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  1. Hi, I thought I'd share some of my finds from what was a pretty good trip up to Bouldnor Cliff on Tuesday morning. This was my first collecting trip in over a month due to tides, being ill over Christmas and being generally busy, so I missed out on most of December. But hopefully I can start getting back into going twice a week again as usual. Low tide was at 09:48 so I decided to head for Bouldnor instead of Hamstead, as it's a lot easier to quickly access. My hope was that the prolonged stormy weather we've had for a couple of weeks now would have brought up some ni
  2. Rory

    Vertebrae from West runton

    Hi, after sieving through a load of mud from the fossil river bed I found a few tiny vertebrae about 5mm X 5mm. I assume these are small mammals like a vole or something, but would be good to know what the likely contenders are from this site.
  3. Foozil

    "Micro" ID

    Hello! Just some more stuff from Pleistocene cave deposits near Kempsey, Australia. If any more info is needed feel free to ask. As usual, I will be uploading more for ID later 1. Fish? Lizard? (excuse the red number, its for something else )
  4. Hey everyone! I want to know your favorite extinct animal and why. Theropods, ornithischians, artiodactyls, cetaceans, carnivores, plesiosaurs, pterosaurs, gastropods!!! Megatherium, Tyrannosaurus Rex, Anzu Wyliei, Leedsichthys, Stegosaurus, Megalodon, Glyptodon, Moonshot, Woodstock, Watergate, Punk Rock! (just kidding) ANYWAYS, there are no limits here. Even if its coral. Get specific! Do you have a fossil from your favorite creature? If not, is it even possible to acquire one? Have any interesting discoveries been made about your creature as of late? Jus
  5. Hello fossil-hunters! My most recent fossil hunt was rather successful! I went to the Zandmotor, in the Netherlands, which is known for its abundance of: fossil seashells, big Ice Age mammal bones, fish material and more Pleistocene fossils. Here are the things I found: 1) All the black/brown things on the top are bones/bone shards from big Pleistocene mammals such as the mammoth, the cave lion, the cave hyena, the Irish Elk, the woolly rhino, the bison, etc. - 2) The big white shells on the right are Acanthocardia tuberculata - 3) The smaller shells next to them are Mactra pliston
  6. According to this recent study, the popular belief that mammals diversified after the extinction that killed the non-avian dinosaurs is incorrect; mammals diversified in the shadow of the dinos long before the extinction, and actually had a drop in diversity after it. The reason for this diversification was the evolution of angiosperms (flowering plants), which provided mammals with new food sources. Research paper: http://rspb.royalsocietypublishing.org/content/283/1832/20160256 Simplified version: http://www.sci-news.com/paleontology/early-mammals-diversification-03931.html
  7. clarevoiyant

    Pleistocene bones Florida

    These are a bunch of bones from the pleistocene period found in Florida, USA. I haven't got a clue as to what these come from so I am guessing raccoon, giant armadillo, duck, deer and maybe birds. Not sure what species but I am psyched. It would be very much be appreciated if anyone can take a look and with your pleistocene expertise maybe help me decent what bones belong to what animal.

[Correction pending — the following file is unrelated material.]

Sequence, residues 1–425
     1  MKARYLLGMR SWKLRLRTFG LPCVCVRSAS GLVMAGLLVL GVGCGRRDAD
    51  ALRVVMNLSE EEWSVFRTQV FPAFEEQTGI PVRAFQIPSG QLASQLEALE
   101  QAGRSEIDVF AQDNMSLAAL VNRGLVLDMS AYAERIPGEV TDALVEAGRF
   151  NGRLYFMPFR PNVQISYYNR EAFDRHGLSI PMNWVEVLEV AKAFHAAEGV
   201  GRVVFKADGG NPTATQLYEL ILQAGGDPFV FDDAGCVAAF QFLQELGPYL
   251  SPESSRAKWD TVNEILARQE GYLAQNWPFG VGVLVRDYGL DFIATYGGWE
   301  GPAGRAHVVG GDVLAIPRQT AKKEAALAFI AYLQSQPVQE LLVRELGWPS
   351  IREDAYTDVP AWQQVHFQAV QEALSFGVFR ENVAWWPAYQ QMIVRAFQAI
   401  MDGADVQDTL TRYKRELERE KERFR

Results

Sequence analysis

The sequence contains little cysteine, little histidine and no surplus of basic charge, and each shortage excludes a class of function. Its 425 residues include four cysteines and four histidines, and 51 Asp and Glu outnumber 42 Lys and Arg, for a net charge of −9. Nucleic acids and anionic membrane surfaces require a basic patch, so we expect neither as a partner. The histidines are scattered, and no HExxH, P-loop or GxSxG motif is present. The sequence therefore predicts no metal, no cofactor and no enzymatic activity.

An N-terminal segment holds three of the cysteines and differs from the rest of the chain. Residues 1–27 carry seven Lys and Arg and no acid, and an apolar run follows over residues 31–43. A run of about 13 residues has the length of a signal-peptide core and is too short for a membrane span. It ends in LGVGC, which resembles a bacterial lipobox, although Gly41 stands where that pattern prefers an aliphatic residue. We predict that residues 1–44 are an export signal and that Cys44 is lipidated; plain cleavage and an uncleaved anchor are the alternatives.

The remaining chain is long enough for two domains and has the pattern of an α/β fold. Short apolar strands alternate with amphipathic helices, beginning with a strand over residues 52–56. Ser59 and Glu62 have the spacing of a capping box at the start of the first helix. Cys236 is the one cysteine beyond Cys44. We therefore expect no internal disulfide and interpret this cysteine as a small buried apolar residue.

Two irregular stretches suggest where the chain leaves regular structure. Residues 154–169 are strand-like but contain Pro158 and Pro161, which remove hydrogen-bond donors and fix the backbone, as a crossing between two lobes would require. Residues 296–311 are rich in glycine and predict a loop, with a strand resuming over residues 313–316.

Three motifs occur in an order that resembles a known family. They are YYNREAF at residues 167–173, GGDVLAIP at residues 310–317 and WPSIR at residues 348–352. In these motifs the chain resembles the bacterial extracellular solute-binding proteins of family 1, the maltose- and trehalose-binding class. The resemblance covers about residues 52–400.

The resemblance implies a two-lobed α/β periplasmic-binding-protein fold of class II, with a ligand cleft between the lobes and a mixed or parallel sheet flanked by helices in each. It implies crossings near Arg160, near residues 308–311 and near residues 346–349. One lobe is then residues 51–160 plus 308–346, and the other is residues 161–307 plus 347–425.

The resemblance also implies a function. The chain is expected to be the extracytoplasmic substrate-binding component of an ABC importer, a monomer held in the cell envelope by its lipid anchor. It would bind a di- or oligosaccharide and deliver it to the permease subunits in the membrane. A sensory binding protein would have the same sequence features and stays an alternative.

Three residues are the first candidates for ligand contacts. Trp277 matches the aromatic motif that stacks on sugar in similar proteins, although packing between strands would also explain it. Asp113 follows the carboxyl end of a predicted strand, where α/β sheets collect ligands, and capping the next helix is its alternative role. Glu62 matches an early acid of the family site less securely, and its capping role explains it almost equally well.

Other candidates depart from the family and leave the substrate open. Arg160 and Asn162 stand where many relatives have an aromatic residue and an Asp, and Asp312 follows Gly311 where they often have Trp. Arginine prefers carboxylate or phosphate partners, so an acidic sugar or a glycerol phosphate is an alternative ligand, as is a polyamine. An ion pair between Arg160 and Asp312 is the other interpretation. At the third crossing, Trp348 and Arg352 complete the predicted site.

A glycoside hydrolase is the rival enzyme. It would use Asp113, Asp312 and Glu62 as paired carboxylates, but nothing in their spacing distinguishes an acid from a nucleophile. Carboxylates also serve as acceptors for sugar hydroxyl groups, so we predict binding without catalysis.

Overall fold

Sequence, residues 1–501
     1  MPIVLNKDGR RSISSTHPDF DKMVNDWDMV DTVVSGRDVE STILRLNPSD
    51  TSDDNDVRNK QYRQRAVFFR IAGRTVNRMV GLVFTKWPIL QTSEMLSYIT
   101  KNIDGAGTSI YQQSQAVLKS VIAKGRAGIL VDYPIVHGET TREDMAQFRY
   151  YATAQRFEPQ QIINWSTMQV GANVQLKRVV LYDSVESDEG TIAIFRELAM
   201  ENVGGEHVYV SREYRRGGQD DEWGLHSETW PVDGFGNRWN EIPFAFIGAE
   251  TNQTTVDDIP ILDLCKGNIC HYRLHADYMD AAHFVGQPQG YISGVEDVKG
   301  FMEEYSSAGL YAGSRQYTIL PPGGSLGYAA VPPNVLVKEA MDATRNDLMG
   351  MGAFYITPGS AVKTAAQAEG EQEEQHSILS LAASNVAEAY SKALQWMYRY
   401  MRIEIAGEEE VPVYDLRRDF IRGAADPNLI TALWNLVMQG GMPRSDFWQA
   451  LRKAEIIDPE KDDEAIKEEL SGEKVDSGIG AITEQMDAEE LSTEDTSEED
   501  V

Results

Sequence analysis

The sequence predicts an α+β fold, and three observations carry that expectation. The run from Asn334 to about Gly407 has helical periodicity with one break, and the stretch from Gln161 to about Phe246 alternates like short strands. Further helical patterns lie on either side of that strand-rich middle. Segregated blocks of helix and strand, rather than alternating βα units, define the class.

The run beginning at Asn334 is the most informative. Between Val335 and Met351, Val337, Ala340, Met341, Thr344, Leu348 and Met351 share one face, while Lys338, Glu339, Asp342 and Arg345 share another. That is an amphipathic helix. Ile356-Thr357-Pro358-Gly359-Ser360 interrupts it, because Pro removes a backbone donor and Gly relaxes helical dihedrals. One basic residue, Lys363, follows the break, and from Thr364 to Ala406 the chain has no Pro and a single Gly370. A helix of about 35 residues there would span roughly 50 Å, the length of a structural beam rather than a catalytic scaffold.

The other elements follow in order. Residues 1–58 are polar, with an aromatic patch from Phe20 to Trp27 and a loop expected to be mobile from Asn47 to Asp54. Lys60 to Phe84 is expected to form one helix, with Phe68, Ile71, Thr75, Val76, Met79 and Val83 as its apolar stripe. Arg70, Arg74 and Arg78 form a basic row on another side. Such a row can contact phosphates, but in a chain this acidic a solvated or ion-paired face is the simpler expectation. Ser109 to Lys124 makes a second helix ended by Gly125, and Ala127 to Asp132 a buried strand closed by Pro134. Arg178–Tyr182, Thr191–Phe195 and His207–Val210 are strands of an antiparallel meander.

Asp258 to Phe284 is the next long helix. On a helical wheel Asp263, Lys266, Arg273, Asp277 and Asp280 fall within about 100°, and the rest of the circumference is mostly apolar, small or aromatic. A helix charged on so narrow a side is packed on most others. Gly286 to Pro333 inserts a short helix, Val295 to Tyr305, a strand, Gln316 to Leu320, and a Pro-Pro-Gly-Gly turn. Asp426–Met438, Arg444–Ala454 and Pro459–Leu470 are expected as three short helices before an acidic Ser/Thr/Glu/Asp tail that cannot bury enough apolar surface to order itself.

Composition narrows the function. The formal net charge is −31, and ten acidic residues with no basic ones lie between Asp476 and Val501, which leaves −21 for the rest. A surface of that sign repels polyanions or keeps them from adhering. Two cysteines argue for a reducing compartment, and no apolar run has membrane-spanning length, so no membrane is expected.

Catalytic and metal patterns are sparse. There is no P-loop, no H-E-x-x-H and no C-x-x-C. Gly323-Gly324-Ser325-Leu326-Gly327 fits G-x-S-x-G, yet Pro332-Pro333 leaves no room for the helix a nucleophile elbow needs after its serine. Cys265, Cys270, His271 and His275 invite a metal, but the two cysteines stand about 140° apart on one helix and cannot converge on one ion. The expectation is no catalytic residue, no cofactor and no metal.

8. Guest

    Pleistocene Mammal Vertebra

    Can anyone help identify this vert? Found in the Seymour Formation in Seymour, Texas.
  9. FossilizedBob89

    Trichechus Manatus Linnaeus ( Rib bone ) Pic# 2

    From the album: Gifts and boughten!

    Bought this rib bone at the Rocks, Gems and fossils show in Montreal going on this week end going back tomorow!
  10. FossilizedBob89

    Trichechus Manatus Linnaeus ( Rib bone )

    From the album: Gifts and boughten!

    Lower Pleistocene / Withlacoochee River, Citrus Co., Florida, USA
  11. While doing a search at Paleobiology Database, I was curious to see if I might find records of marine vertebrates from the Cenomanian-Santonian of the Utah, Montana, Idaho, and Arizona because most tetrapods found in the Cenomanian-Santonian of Nebraska, Kansas, and the Dakotas are primarily mosasaurs, plesiosaurs, pterosaurs, marine turtles, and seagoing birds (e.g. Ichthyornis, Hesperornis) and terrestrial vertebrates have been found in the Western Interior dating from the Cenomanian-Santonian interval (e.g. Oryctodromeus, Eolambia, Sonorasaurus, Albanerpeton cifellii, Nothronychus graffmani
  12. All of may not know this, but the Middle Jurassic La Boca Formation in Mexico boasts the most important Middle Jurassic tetrapod fauna in North America outside the US. Among the notable fossils found in the La Boca Formation are primitive mammals, sphenodonts, and even archosaurs (incl. the pterosaur "Dimorphodon" weintraubi and an unnamed mesoeucrocodylian). When compared to other Middle Jurassic faunas, it's interesting that the tritylodont Bocatherium is roughly the same age as the other two Middle Jurassic tritylodonts Bienotheroides and Stereognathus. As some of the components of the La B
  13. Both specimens were collected in the late 1950's by Otto Geist, with very little locality information. The links take you to the ARCTOS database pages about the specimens, with collection info and high quality pictures. This one was collected near Ruby, Alaska. My initial thought was that it is a horn pedicle of some sort but I would expect to see some brain case, and I don't. A previous identifier called it a Moose antler tine, but after some comparison I have trouble seeing antler tine. http://arctos.database.museum/guid/UAM:ES:3616 The vertebra was collected on the Koyuk River, Seward
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